By Renee Hodges
- I’ve said it to the server at our favorite Italian place as she grated a gracious amount of Parmesan cheese on my meal.
- I’ve growled it through gritted teeth at a child testing my patience.
- I’ve asked it of a friend to find out if I’ve given advice that helps her with a difficult decision.
- I’ve complained about not having it in various measures: enough time, enough choices, enough money, enough energy, enough help.
Most recently, it was a way I heard my mother use the that left an impact. We were looking through photo albums after her 80th birthday party, and she started reminiscing about her childhood.
My parents grew up poor, especially by today’s standards. As a child, I heard a lot of the same stories my friends heard from their parents: one pair of shoes, outhouses, taking breaks from school to work in the fields.
The stories reached some measure of legendary status as my brother, sister, and I would finish them, “and you walked uphill both ways!” They would laugh but, as I’ve become responsible for myself and my family, I’ve marveled at how far they’ve come from their childhoods and wondered if I would have done as well in the same situation. Turns out, it becomes a matter of attitude as reflected by her musing that night. I wrote her words down after we said goodnight because the gentleness with which she said them touched my heart.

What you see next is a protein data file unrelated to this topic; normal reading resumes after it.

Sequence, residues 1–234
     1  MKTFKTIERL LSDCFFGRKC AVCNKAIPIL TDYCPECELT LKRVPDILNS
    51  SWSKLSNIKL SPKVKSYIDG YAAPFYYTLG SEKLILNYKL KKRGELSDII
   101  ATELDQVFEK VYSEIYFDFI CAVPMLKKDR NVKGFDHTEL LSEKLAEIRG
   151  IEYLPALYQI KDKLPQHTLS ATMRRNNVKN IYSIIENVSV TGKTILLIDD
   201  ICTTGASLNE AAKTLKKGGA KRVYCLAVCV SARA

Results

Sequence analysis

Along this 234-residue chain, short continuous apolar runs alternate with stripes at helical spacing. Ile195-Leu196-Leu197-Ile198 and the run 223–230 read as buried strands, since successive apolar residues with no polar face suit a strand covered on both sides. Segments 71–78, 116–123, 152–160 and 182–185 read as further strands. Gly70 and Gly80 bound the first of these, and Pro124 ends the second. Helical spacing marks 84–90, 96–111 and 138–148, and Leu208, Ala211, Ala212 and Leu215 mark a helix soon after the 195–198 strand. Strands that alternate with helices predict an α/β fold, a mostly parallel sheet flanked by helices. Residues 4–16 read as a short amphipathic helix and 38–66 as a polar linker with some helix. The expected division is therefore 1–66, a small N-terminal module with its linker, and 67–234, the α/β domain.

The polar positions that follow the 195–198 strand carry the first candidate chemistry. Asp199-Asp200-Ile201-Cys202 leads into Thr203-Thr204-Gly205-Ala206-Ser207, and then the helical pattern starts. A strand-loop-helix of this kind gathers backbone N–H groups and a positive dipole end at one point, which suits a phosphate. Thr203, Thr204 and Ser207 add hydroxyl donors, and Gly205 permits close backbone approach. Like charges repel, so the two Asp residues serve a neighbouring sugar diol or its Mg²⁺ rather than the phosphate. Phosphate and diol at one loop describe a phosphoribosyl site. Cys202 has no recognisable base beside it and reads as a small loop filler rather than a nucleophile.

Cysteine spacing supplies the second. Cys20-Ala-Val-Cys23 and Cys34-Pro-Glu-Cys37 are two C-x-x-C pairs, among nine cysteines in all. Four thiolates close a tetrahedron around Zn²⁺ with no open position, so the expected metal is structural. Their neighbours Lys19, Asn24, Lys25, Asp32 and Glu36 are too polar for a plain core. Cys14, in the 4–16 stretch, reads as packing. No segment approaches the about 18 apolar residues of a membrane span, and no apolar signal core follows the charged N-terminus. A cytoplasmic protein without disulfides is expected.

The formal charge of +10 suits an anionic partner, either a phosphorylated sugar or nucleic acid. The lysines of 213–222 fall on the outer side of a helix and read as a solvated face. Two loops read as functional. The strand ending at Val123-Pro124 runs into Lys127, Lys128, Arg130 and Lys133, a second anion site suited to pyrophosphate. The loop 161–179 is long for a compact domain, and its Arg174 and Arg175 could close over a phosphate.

She said, “When I was young, and the nights were hot, I would lie with my head at the foot of the bed because it was nearer the window. Through the window, I would look at the starry sky and the cotton fields and notice how the tin roof of the barn gleamed in the spotlight of the moon. I could hear the soft lowing of the cows in the pasture and I was happy. Right now, I can think of those nights and it seems as clear to me as anything I did last week. We were poor people, but I never felt that I didn’t have enough.”
Her parents had given her the gift of the attitude of contentment. They labored for every bit of food they ate and every material thing they possessed but shared generously with neighbors. They didn’t complain…just did the best they could with what they had. No jealousy. No whining. Like Paul said of himself, they had learned to be content whatever their circumstances, grateful to God for every good thing received.
Contentment seems to be ridiculed in our society. The beauty of it has been lost and it is too often associated with laziness or lack of ambition or imagination, but that’s not what I hear when I hear Mama say ‘enough.’ I hear thankfulness for the simple things: a bed to sleep on, a roof over her head, and a window that allowed the evening breeze to cool her on a sticky summer night.Contentment seems to be ridiculed in our society. The beauty of it has been lost. @proverbs279 #ACFWBlogs #encouragement #ACFWCommunity Click To Tweet
Renee Hodges blogs at www.sweetfriendship.life, has completed her first novel, Ona Mae’s Deli and Bait Shop, and is working on the next novel. For down time, she and her husband enjoy traveling, having friends over, and hanging out in their easy pants watching cop shows and cooking competitions.